EARTH SYSTEM SCIENCE
In the Solar System, our Earth is a unique planet because of the life forms that exists on its surface. Somewhat more than a decade ago, it was recognized that the Earth is a sub system in which, its nonliving elements such as oceans, atmosphere, and land and the living parts are all connected. While accepted by many, this working hypothesis seldom formed the basis for global change research. Little understanding existed of how the Earth worked as a system, how the parts were connected, or even about the importance of the various components of the system. Over the intervening years, much has been learned. In many respects, former uncertainties about the nature and future course of global change have been reduced, in others, the realization that uncertainty is an inherent part of the system has gained credibility.
Over the last thirty years, the understanding of how humans are bringing about global change has undergone a quantum jump. Attempts to separate natural and anthropogenically induced variability in the Earth System have proved to be successful in many respects. Largely through a significant increase in the ability to unravel the past history, our understanding of the natural dynamics of the Earth System has advanced greatly. It is now clear that global change is one of the paramount environmental issues facing humanity at present. Due to a decade of global change research, some of the important research findings that have emerged are as follows :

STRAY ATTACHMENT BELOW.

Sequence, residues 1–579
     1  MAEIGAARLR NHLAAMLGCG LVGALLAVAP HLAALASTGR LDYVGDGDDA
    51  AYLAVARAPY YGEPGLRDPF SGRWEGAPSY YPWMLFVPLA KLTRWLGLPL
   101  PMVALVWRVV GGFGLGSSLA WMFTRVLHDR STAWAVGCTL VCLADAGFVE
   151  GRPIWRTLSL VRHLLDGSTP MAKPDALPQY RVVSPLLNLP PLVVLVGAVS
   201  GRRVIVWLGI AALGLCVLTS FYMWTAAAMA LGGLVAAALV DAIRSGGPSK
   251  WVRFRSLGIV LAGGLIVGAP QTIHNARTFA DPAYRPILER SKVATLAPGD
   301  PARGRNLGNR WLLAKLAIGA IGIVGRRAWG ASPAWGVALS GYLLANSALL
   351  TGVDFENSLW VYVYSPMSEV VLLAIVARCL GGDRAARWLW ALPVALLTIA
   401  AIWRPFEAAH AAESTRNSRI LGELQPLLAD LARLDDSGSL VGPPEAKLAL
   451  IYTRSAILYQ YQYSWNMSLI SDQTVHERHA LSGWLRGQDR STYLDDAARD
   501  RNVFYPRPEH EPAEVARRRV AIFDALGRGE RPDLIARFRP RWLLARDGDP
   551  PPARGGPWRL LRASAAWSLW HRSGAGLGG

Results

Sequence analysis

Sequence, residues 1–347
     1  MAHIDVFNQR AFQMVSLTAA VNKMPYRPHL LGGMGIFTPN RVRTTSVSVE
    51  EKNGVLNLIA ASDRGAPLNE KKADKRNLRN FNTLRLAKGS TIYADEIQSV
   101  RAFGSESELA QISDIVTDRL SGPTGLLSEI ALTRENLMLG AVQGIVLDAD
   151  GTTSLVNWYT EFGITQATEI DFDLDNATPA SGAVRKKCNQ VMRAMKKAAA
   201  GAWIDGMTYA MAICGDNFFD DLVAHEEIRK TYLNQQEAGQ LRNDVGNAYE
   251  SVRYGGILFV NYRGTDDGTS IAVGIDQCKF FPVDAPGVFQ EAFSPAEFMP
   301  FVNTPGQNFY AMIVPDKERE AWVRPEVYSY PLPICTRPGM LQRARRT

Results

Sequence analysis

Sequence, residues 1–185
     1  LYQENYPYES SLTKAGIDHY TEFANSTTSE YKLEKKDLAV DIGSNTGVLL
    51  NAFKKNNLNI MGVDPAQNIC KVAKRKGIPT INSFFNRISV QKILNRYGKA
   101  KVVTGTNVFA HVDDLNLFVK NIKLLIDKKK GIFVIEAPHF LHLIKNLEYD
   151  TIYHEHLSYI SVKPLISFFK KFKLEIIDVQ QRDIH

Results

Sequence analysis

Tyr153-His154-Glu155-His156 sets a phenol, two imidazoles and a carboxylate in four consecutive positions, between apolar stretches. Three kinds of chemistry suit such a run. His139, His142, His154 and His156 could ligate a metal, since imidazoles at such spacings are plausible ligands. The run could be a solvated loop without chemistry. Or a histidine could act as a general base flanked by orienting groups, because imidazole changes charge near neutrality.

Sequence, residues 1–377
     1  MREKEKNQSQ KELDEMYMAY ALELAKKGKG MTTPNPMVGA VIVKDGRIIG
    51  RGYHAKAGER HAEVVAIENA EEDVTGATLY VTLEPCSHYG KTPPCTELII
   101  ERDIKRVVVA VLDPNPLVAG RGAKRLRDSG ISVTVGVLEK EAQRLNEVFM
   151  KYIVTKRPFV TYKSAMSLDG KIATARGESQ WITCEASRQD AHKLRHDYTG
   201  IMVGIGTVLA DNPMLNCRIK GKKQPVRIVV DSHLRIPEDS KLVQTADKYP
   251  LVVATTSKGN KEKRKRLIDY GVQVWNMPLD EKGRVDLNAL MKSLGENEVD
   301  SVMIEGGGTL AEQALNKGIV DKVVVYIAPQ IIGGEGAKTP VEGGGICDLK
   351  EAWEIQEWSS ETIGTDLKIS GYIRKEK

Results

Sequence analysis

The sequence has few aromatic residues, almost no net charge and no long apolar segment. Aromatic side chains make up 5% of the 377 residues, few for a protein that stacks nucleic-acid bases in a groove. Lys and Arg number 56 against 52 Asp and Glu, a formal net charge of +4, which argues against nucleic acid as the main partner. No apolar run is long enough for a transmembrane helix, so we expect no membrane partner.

1. Earth functions as a system. This system has components and controls the system themselves. Living organisms interact with land, water and atmosphere and create the planetary environment.
2. Global change is much more than climate change. It is real, it is happening now, and it is accelerating. Human activities are significantly influencing the functioning of the Earth System in many ways. Anthropogenic changes are clearly identifiable beyond natural variability and are equal to some of the great forces of nature in their extent and impact.
3. Global change cannot be understood in terms of a simple cause/ effect paradigm. Because, the human inventions and technology multiply the interacting effects that cascade through the Earth System in complex ways. Cascading effects of human activities interact with each other and with local, and regional, scale changes in multidimensional ways.
So, understanding a changing Earth demands an effective framework between the social and natural sciences. One such framework is the concept of an Earth System introduced by a Russian mineralogist, Vladimir Vernadsky, in the year 1920s. According to him, 'Earth's environment is an integrated global system with significant connections among its atmosphere, ocean, land and living biota'.